If you suffer from a food allergy, having a meal at a restaurant can be fearsome. This even doubles when the food you are allergic to is normally not visible or instantly recognisable. With this in mind, a pair of inventors have created a device that can tell you when a dish contains an unwanted ingredient in just two minutes. The pocket-sized sensor called Nima, is currently only able to scan for gluten, but the company shares that it is working to allow it to detect nuts and dairy in the future.
Developed by two allergy sufferers, Shireen Yates and Scott Sundvor, the device is ready to work after a small portion of the food is placed into a disposable capsule. This capsule should then be placed in the outer case. Using its electronic sensors, it will scan for traces of gluten at a level of at least 20 parts per million. If Nima detects over 20ppm of gluten, which is the maximum that a product must have to be labelled as ‘gluten-free’, it will show a sad face on its front screen to indicate that the food is potentially dangerous. Otherwise, a happy face will appear to show that the food has been deemed safe.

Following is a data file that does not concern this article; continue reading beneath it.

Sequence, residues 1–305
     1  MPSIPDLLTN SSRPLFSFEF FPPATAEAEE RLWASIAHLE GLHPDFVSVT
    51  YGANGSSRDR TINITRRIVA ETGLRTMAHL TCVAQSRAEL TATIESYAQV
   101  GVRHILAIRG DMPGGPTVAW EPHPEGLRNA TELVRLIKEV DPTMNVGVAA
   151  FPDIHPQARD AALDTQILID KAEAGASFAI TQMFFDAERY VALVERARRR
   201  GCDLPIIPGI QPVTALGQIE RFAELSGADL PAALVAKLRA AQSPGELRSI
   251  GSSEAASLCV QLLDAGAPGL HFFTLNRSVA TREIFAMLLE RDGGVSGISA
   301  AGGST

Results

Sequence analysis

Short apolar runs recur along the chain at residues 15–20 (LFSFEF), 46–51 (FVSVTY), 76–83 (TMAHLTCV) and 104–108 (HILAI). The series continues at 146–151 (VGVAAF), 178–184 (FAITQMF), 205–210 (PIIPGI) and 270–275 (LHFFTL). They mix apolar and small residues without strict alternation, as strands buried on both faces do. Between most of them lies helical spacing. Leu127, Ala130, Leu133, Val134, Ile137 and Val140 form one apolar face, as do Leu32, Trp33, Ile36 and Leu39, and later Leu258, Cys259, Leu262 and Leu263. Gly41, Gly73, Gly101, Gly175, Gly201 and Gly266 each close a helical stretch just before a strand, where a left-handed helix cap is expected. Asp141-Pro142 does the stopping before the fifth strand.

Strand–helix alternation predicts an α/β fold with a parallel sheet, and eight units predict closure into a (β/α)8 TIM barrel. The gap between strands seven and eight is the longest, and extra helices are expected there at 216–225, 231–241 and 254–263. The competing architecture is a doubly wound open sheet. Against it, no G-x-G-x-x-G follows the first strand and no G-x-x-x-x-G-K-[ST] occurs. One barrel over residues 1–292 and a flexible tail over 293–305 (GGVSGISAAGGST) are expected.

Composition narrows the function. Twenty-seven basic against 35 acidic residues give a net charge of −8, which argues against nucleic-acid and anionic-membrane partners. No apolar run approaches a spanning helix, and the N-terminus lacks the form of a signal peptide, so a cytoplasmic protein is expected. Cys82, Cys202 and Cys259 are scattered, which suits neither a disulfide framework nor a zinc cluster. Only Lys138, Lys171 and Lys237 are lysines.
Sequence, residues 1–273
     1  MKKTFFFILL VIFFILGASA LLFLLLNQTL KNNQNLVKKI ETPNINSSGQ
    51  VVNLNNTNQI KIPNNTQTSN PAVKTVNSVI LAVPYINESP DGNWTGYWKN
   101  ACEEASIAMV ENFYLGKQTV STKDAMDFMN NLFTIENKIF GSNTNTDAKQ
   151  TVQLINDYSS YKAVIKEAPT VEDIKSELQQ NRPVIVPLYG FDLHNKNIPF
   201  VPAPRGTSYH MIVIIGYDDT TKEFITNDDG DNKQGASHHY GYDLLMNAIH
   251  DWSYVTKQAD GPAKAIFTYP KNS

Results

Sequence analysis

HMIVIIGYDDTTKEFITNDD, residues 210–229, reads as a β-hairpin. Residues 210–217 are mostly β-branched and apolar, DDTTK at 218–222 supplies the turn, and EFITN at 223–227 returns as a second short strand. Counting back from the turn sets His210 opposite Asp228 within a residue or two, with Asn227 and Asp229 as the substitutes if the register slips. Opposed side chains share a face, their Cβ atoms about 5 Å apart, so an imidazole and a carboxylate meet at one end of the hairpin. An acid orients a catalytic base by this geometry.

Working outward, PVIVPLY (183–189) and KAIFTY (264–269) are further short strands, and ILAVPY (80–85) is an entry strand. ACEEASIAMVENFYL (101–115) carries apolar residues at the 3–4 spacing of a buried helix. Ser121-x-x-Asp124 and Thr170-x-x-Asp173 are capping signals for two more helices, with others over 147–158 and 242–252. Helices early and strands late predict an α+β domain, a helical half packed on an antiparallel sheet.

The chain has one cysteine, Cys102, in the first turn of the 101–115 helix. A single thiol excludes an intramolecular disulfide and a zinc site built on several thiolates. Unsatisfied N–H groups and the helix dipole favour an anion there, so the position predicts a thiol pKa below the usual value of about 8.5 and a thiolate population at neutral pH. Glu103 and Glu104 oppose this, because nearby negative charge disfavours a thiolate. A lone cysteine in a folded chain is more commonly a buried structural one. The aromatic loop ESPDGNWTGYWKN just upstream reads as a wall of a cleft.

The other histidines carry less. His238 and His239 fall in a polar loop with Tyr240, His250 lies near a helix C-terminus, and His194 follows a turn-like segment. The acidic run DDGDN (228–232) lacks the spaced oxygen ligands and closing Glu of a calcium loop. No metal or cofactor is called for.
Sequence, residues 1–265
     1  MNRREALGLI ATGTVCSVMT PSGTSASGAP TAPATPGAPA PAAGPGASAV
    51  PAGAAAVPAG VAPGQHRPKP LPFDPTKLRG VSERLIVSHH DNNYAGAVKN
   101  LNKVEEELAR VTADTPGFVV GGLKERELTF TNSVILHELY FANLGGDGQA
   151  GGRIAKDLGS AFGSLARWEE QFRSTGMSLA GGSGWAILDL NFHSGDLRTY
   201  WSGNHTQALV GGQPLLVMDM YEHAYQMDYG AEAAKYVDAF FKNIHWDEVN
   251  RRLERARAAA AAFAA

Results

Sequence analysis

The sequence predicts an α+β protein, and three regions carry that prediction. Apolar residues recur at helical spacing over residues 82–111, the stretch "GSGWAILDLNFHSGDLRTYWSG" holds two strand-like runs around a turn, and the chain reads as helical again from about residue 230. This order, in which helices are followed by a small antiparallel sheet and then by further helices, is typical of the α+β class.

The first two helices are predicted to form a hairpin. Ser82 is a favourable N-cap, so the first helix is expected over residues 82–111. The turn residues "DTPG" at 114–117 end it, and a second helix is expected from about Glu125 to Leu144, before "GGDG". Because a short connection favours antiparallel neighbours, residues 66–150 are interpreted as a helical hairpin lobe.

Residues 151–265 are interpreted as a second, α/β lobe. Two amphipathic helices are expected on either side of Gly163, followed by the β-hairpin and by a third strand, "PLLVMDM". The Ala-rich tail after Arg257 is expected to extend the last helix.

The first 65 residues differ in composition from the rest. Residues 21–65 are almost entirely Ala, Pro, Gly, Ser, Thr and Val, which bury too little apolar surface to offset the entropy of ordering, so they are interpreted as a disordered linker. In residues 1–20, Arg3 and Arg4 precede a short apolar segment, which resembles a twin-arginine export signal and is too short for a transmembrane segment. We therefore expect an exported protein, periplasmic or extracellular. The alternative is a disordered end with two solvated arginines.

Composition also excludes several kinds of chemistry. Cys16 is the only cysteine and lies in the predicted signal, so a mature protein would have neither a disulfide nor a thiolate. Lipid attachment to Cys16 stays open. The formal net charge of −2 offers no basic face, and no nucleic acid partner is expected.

The inventors of Nima also stressed that sensitivities and allergies differ between people so the device should be used as a guide and if unsure, people should avoid eating the food.
“In every case, even with the extra data Nima can provide, you should always use your best judgement in choosing what to eat and what to avoid,” the Nima website explained.
The triangular-shaped device can be taken around in your pocket and you can pre-order it from the company’s website for $199 with shipments beginning next year. When the device is released for sale, this price will be increase to $249.